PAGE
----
Freedom of Expression

Why Digital Security matters for journalists in South Asia

27 May, 2016

The Internet is one of the last bastions of freedom – or at least, it was, until most governments discovered it.

States have traditionally been inclined to censor the press, regulate TV and radio; they have suppressed publication of books and newspapers and controlled their borders. Wherever conditions hostile to journalism have crept in, authoritarianism has thrived.

Today, however, governments and institutions worldwide are confronted by a force that knows no borders and has always been open to everyone: namely, the Internet.

Citizen journalism has taken off; today anybody armed with a keyboard or camera can self-publish and report stories in public interest. Journalists are no longer dependent on any central organization to reach a massive audience.

Thanks to social media, injustice against one street vendor in one town could inflame an entire region and topple long-entrenched authoritarian regimes in several countries.

Digital tools have enabled whistleblowers to shine a light on massive spying on citizens by their own governments on an unprecedented scale.

This free flow of information has empowered journalists and threatened entrenched powers.

Perhaps in response, journalists and whistleblowers now face renewed threats from both state and non-state actors.

In the face of these threats, it is important for journalists to protect the safe digital space that is so vital to carry out their jobs – pursuing leads, engaging in investigative journalism, and protecting the confidentiality of their sources.

A recent survey by the IFJ and the South Asia Media Solidarity Network (SAMSN) suggests that, in general, journalists do not use digital tools in a secure manner.

For instance, all mainstream social media and email providers (like Twitter, Facebook, Gmail, etc.) now have easy-to-setup two factor authentication that makes it much harder for one’s data to be compromised. Yet, a fourth of all journalists surveyed did not know, or did not use, two factor authentication.

Email and text messaging are commonly used by journalists. Yet, SMS is an inherently insecure mode of communication. Over half the journalists surveyed in South Asia responded that they have never changed the default password on their organizational email.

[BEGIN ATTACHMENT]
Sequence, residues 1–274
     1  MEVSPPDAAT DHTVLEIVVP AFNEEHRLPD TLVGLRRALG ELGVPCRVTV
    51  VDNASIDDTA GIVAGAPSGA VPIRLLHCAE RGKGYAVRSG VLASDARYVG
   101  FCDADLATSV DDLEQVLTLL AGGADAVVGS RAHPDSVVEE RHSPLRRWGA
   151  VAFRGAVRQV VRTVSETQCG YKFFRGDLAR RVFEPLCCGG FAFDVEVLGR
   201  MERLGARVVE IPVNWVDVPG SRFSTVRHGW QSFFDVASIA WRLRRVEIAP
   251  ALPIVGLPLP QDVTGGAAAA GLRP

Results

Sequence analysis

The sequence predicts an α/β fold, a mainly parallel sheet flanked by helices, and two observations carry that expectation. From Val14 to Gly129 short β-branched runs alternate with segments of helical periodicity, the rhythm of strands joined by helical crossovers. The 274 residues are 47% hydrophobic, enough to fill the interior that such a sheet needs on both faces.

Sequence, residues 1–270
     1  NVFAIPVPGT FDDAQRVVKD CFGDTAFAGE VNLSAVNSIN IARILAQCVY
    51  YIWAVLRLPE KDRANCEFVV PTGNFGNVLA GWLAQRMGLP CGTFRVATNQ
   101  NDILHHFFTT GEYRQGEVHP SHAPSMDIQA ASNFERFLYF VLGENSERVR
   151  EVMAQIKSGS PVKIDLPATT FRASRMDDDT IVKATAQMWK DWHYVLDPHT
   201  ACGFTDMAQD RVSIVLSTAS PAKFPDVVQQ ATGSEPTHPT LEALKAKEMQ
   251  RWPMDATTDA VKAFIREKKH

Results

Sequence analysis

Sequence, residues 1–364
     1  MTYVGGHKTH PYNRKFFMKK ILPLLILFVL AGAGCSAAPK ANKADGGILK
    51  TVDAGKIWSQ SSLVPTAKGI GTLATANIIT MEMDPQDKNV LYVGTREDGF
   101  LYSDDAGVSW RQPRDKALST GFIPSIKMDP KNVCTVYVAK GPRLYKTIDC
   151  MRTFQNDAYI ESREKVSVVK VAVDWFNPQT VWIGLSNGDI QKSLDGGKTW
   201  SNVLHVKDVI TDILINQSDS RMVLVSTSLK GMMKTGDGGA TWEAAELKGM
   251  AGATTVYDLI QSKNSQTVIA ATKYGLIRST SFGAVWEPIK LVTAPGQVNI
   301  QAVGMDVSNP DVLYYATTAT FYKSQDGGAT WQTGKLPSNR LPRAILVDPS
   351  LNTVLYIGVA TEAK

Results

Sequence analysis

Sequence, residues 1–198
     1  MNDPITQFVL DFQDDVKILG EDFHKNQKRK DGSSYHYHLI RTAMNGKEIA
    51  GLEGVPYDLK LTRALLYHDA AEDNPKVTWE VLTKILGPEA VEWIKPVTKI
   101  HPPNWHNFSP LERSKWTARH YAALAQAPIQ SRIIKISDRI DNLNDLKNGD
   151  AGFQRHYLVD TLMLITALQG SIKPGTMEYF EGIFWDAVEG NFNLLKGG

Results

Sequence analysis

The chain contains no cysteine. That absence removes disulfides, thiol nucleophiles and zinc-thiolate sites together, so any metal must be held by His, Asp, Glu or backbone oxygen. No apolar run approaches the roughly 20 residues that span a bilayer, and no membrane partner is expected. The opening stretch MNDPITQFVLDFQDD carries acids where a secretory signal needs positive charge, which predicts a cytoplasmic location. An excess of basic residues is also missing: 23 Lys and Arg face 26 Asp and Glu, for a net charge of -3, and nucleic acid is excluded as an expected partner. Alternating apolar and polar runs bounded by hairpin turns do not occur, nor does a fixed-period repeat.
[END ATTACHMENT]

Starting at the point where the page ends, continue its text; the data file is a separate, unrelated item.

Most respondents also had never used encryption. The use of public key encryption like PGP makes email highly secure, but it traditionally took a lot of effort.

Today, there are much simpler software solutions that enable end-to-end encryption by default with almost zero effort. Free and open source tools like ProtonMail and Signal messenger are good examples of these.

With end-to-end encryption, only the sender and receiver are able to read the messages – and it is close to impossible for any third party to intercept the message unless they had physical access to the device.

Speaking of devices, the survey also found that a surprising number of journalists did not properly secure their smart phones that contain sensitive information; 1 in 3 journalists in Nepal and Pakistan responded that they did not use any PIN or password on their phone.

Passwords should also be unique across different websites. Password managers like Keepass and LastPass are available that help create and manage multiple secure passwords.

An overwhelming nine out ten South Asian journalists surveyed expressed a desire for more training and orientation on digital security.

There is room for press organizations and CSO’s to cater to this demand and train journalists in digital security best practices, and familiarize them with the easily available, open and free tools.

Digital security is crucial to safeguard both the public’s right to information, and the journalists duty to inform.

The author, Yameen Rasheed, is a freelance writer and political commentator based in Malé, Maldives. He blogs at and tweets at @yaamyn.

Photo: Noah Seelam / AFP

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